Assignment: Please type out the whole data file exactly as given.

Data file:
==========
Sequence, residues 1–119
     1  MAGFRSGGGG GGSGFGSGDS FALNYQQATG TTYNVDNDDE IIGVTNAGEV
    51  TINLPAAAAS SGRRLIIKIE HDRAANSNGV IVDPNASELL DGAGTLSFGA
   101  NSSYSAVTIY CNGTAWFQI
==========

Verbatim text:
Sequence, residues 1–119
     1  MAGFRSGGGG GGSGFGSGDS FALNYQQATG TTYNVDNDDE IIGVTNAGEV
    51  TINLPAAAAS SGRRLIIKIE HDRAANSNGV IVDPNASELL DGAGTLSFGA
   101  NSSYSAVTIY CNGTAWFQI